Salomon Smith Barney and its former telecommunications analyst, Jack Grubman are closing in on an agreement with securities regulators to settle an investigation into allegedly misleading investment advice they supplied to investors.
Mr Grubman could reach an agreement with the National Association of Securities Dealers, the securities industry’s self-regulatory group, on Monday, according to people familiar with the negotiations.
A deal between Salomon and a group of civil securities regulators, including the NASD, the Securities and Exchange Commission and the New York Stock Exchange, could follow later in the week, these people said. They cautioned, however, that talks could break down at any time.
A settlement would provide the first sign of progress in the bank’s effort to put a raft of legal and regulatory problems behind it.
Salomon, the investment banking and brokerage unit of Citigroup, is at the centre of a series of legal probes into whether analysts recommended stocks to investors to help drum up investment banking business.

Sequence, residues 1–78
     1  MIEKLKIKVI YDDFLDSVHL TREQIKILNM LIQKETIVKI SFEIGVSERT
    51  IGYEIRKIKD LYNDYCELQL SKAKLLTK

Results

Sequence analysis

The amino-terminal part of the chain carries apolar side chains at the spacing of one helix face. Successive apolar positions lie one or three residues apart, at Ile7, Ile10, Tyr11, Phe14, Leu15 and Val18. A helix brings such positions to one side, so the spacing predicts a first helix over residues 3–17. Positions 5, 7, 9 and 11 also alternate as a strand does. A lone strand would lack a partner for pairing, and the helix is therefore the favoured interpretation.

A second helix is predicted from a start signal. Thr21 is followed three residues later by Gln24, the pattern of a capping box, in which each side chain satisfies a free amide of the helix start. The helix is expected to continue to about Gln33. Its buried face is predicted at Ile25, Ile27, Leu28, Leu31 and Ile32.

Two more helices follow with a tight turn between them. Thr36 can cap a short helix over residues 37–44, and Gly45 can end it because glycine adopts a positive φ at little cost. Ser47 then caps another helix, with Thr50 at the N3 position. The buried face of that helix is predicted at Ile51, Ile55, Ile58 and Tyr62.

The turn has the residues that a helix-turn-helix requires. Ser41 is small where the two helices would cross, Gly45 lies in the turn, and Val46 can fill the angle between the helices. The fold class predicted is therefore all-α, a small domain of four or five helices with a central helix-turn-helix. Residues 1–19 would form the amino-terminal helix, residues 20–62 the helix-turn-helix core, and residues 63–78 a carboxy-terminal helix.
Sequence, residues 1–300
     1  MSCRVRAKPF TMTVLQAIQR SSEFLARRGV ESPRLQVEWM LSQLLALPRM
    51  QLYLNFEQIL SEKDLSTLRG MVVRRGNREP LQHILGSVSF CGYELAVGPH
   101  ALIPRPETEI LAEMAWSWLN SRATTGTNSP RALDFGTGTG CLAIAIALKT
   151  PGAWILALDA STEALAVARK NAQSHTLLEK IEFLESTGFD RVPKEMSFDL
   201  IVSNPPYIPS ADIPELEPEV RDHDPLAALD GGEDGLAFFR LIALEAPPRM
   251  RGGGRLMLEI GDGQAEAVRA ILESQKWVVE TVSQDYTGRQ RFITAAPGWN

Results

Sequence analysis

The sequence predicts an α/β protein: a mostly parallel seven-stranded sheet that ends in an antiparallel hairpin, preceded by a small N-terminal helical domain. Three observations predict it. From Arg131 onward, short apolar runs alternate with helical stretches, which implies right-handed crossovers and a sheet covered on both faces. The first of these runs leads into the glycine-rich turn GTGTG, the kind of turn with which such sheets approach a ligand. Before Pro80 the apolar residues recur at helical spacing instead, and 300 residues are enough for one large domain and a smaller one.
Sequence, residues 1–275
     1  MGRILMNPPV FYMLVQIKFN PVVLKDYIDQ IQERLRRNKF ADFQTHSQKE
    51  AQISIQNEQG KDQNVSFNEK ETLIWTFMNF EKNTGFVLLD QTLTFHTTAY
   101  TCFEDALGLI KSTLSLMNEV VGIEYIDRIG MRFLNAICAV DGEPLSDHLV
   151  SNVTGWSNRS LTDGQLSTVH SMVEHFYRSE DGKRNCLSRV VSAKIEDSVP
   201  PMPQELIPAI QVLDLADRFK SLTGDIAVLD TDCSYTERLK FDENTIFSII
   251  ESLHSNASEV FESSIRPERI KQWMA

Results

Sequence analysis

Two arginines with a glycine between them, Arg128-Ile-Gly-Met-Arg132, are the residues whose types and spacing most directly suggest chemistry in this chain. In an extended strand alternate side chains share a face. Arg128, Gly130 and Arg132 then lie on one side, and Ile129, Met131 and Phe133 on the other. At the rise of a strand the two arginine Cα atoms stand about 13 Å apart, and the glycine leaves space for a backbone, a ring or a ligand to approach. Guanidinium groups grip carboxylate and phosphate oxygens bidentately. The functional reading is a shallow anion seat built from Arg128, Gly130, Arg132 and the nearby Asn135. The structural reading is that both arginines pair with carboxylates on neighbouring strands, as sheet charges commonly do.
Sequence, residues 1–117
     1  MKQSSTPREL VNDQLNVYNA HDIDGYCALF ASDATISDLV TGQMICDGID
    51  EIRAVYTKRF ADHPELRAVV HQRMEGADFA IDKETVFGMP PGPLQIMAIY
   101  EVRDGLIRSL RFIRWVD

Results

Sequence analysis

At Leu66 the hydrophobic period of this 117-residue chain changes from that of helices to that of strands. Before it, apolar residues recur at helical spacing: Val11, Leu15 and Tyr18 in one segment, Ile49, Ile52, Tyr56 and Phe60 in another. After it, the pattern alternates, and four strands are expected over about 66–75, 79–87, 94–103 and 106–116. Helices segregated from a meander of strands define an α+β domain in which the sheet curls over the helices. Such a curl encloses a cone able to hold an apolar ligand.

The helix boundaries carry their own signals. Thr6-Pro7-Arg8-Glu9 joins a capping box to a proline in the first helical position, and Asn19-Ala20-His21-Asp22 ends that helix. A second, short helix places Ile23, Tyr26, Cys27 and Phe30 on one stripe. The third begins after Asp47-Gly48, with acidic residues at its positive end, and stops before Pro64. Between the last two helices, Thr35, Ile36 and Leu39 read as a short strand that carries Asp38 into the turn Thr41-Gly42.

Congress and regulatory authorities are also examining whether the bank awarded allocations of initial public offerings to top executives in exchange for their companies’ investment banking business.
Sandy Weill, Citigroup chairman and chief executive, expressed a desire to clean up Salomon’s regulatory problems when he ousted its head, Michael Carpenter, earlier this month and replaced him with Chuck Prince, a long-time aide and company lawyer.
The current settlement talks are centred on Winstar, a telecoms company and Salomon banking client that Mr Grubman recommended to investors even as it careered towards bankruptcy.
The penalties would possibly include a fine for Mr Grubman and Salomon. The former analyst could also face suspension from the securities industry.
Securities lawyers have noted that the three-way negotiation could become complicated depending on how much responsibility Mr Grubman is willing to assume for any misconduct and how much he lays at the feet of his former employer.
“Grubman is in the driver’s seat,” said Bill Singer, a former NASD lawyer now in private practice. “He may be able to cut the best deal for himself in exchange for co-operating against his old firm.”
There is also the risk to Salomon that a settlement could provide more ammunition to aggrieved investors who have filed civil lawsuits against the bank.
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